October 18, 2011
Relativity Corrections Could Explain Faster Than Light Neutrinos
When researchers at the European Center for Nuclear Research (CERN) observed what they believed to be sub-atomic particles moving faster than the speed of light, some believed that the discovery could challenge the very fundamental laws of the universe.
It appears that those concerns were unfounded, as new research from scientists has shed light on exactly why CERN officials believe they witnessed beams of tiny particles of neutrinos traveling 60 nanoseconds (or 60 billionths of a second) quicker than the speed of light from their laboratory near Geneva, Switzerland to the Gran Sasso facility in Italy some 500 miles (730 km) away.
Furthermore, as Evan Ackerman of the website Dvice wrote Friday, "In an ironic twist, the very theory that these neutrinos would have disproved may explain exactly what happened."
According to Ackerman, the rapid movement of neutrinos and the relatively short distance they had to travel as part of the Oscillation Project with Emulsion-tRacking Apparatus (OPERA) experiment meant that "in order to figure out exactly how long it takes a given neutrino to make the trip, you need to know two things very, very precisely: the distance between the two points, and the time the neutrino leaves the first point (the source) and arrives at the second point (the detector)."
During the original experiment, he said, CERN researchers used GPS to measure both distance and time for the OPERA experiment. They were able to determine the distance down to approximately 20 centimeters, Ackerman added, and they were able to use time signals from those same GPS satellites to clock the particles' travel time. However, he points out that the scientists may have forgotten to take one variable into account, and that is relativity.
Dutch researcher Ronald A.J. van Elburg has written a new paper explaining, in the words of As Damon Poeter of PCMag, how "the effects of relativity as they pertain to the GPS satellite's measurements require two corrections to the perceived time of travel."
Those corrections alter the travel time of the neutrinos by 64 seconds, enough to return "the apparent velocities of neutrinos back to a value not significantly different from the speed of light," van Elburg claims, according to Poeter. This could explain the results, though the PCMag writer adds that CERN scientists are claiming that they did account for these specific factors in their original findings.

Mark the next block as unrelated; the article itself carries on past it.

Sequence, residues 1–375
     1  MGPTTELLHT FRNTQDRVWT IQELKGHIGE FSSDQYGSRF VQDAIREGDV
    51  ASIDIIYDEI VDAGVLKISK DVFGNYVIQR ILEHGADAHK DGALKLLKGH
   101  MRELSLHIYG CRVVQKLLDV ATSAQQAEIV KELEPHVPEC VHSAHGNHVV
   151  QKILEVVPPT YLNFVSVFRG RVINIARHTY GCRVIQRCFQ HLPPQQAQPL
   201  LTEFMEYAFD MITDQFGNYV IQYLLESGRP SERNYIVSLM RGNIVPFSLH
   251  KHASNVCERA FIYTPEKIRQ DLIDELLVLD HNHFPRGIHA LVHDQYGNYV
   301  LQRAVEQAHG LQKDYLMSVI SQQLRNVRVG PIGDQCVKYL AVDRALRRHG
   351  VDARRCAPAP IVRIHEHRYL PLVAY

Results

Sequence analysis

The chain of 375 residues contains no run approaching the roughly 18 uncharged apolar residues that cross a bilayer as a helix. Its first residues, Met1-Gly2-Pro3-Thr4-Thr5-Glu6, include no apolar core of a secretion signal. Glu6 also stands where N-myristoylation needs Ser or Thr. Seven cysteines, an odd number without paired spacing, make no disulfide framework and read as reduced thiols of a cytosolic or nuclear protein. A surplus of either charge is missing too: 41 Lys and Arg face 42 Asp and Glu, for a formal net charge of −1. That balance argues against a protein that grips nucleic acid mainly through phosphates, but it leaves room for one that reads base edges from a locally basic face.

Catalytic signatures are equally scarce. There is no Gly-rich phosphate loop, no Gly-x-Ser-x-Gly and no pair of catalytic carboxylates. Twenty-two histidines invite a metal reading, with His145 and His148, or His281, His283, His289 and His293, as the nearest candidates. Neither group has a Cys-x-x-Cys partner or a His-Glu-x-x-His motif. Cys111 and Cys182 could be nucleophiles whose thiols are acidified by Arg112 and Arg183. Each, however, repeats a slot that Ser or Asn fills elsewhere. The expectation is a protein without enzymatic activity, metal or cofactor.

Van Elburg is not the only one working to debunk CERN's findings, however.
According to an October 14 story by Wired's Adam Mann, "In the three weeks after the announcement, more than 80 explanations have been posted to the preprint server arxiv."
"While some suggest the possibility of new physics, such as neutrinos that are traveling through extra dimensions or neutrinos at particular energies traveling faster than light, many offer less revolutionary explanations for the OPERA experiment," he added, with different researchers citing astrophysical observations, the Standard Model of physics, and other grounds in an attempt to explain the supposed "faster than light speed" particles observed by CERN.
In September, shortly after the initial report, physicist and OPERA spokesman Antonio Ereditato called the discovery "a complete surprise," and the team told AFP reporters that they had spend some six months "checking, testing, controlling and rechecking everything" before making a public announcement.
"We have high confidence in our results. We have checked and rechecked for anything that could have distorted our measurements but we found nothing," Ereditato added, in a separate interview with the Telegraph. "We now want colleagues to check them independently."
On the Net:
- European Center for Nuclear Research (CERN)
- Oscillation Project with Emulsion-tRacking Apparatus (OPERA)
- Arxiv (Cornell University Library)